Reconciliation as Ppublic theology

Christian thought in comparative indigenous politics

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Abstract

Christian public theology extends reconciliation beyond its principal sacramental concernfor relationships between God and penitent to the construction of 'socially just'public relationships for the settlement of intra-national conflict. In theological terms,reconciliation brings public relationships into what Hally calls 'the Christ narrative ofpassion, death and resurrection' in which the perpetrators of injustice repent and seekforgiveness. This article introduces the conflicts that these discourses aim to resolvein Australia, Fiji and New Zealand and explains and contrasts reconciliation's relativeimportance in each of these jurisdictions. Moreover, the article's cross-jurisdictionalcomparison shows reconciliation's limits and possibilities as public theology, and arguesthat in Australia and New Zealand it has helped to create political environments willingto admit indigenous perspectives on a range of policy issues. On the contrary, however,the article also shows that the Fijian churches have distorted the concept of reconciliationto support political imperatives that are difficult to rationalize theologically, eventhough they are presented by the churches as being concerned with religious goals.
Original languageEnglish
Pages (from-to)5-24
Number of pages20
JournalInternational Journal of Public Theology
Volume8
Issue number1
DOIs
Publication statusPublished - 2014

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theology
reconciliation
politics
New Zealand
church
Melanesia
god
jurisdiction
death
narrative
Reconciliation
Christian Theology
Thought
discourse
Public Theology

Cite this

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title = "Reconciliation as Ppublic theology: Christian thought in comparative indigenous politics",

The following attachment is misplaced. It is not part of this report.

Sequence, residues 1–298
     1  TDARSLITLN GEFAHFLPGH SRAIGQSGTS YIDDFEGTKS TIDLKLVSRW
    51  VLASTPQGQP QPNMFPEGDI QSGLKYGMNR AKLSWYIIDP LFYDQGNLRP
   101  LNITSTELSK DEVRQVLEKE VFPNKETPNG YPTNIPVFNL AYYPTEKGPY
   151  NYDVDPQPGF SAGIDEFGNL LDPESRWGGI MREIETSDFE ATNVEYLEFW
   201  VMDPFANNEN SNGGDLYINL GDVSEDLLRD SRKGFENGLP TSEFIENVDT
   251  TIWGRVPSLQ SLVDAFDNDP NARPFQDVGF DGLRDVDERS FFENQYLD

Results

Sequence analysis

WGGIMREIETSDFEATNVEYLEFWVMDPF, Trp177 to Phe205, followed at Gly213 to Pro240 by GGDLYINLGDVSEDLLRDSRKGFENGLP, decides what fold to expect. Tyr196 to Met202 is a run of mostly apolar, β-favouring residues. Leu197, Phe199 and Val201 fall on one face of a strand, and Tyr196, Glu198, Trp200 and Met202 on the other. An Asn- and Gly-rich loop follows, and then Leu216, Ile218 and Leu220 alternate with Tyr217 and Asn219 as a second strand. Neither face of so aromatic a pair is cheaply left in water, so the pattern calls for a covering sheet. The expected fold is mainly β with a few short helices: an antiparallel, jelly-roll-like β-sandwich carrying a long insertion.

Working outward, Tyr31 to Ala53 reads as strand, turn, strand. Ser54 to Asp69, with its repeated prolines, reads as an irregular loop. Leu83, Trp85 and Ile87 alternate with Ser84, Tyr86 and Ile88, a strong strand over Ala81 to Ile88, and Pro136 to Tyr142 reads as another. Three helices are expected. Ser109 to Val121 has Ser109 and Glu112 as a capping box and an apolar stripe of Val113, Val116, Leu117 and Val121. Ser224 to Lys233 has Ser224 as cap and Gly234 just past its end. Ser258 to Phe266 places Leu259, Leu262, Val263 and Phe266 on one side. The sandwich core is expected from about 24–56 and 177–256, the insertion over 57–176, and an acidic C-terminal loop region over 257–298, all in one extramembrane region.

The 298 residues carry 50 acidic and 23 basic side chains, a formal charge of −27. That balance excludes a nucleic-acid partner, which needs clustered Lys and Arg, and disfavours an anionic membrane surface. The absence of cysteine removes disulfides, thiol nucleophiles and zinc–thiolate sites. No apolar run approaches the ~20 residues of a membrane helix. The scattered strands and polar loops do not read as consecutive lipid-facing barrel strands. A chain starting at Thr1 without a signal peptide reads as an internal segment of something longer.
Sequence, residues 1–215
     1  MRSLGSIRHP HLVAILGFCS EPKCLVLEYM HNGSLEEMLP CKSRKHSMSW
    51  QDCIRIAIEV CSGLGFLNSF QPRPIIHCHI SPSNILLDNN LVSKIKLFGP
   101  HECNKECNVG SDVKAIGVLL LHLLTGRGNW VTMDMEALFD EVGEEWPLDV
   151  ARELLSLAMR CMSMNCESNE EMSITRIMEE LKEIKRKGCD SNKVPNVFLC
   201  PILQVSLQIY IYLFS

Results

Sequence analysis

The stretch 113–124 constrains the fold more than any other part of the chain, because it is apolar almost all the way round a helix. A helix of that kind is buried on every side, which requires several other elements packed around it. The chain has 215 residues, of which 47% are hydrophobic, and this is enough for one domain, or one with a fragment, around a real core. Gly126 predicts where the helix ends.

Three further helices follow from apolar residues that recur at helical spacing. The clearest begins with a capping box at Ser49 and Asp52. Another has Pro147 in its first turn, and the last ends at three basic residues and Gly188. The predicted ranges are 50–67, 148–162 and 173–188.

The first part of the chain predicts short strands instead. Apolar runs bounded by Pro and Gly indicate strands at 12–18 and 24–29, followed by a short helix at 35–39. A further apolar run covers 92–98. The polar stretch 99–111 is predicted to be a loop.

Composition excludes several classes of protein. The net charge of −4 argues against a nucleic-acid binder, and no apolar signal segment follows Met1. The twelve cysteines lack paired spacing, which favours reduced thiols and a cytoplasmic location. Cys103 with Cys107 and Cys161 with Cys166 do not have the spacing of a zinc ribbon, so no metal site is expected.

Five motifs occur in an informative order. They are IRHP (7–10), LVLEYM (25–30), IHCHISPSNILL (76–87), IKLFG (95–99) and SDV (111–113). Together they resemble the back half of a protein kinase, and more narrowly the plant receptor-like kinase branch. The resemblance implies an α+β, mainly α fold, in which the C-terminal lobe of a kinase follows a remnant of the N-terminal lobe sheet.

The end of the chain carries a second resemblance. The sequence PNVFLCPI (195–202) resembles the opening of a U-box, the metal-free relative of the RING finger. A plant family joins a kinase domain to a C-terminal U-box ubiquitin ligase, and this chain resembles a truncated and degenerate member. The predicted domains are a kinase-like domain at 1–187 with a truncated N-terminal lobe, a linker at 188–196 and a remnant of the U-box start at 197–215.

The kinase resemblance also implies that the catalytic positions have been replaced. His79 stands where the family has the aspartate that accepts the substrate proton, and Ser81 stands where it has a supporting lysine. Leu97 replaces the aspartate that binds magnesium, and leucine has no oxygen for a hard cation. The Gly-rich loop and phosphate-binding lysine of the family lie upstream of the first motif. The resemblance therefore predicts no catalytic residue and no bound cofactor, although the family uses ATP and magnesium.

abstract = "Christian public theology extends reconciliation beyond its principal sacramental concernfor relationships between God and penitent to the construction of 'socially just'public relationships for the settlement of intra-national conflict. In theological terms,reconciliation brings public relationships into what Hally calls 'the Christ narrative ofpassion, death and resurrection' in which the perpetrators of injustice repent and seekforgiveness. This article introduces the conflicts that these discourses aim to resolvein Australia, Fiji and New Zealand and explains and contrasts reconciliation's relativeimportance in each of these jurisdictions. Moreover, the article's cross-jurisdictionalcomparison shows reconciliation's limits and possibilities as public theology, and arguesthat in Australia and New Zealand it has helped to create political environments willingto admit indigenous perspectives on a range of policy issues. On the contrary, however,the article also shows that the Fijian churches have distorted the concept of reconciliationto support political imperatives that are difficult to rationalize theologically, eventhough they are presented by the churches as being concerned with religious goals.",
keywords = "Reconciliation and indigeneity, Reconciliation as public theology",
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AB - Christian public theology extends reconciliation beyond its principal sacramental concernfor relationships between God and penitent to the construction of 'socially just'public relationships for the settlement of intra-national conflict. In theological terms,reconciliation brings public relationships into what Hally calls 'the Christ narrative ofpassion, death and resurrection' in which the perpetrators of injustice repent and seekforgiveness. This article introduces the conflicts that these discourses aim to resolvein Australia, Fiji and New Zealand and explains and contrasts reconciliation's relativeimportance in each of these jurisdictions. Moreover, the article's cross-jurisdictionalcomparison shows reconciliation's limits and possibilities as public theology, and arguesthat in Australia and New Zealand it has helped to create political environments willingto admit indigenous perspectives on a range of policy issues. On the contrary, however,the article also shows that the Fijian churches have distorted the concept of reconciliationto support political imperatives that are difficult to rationalize theologically, eventhough they are presented by the churches as being concerned with religious goals.

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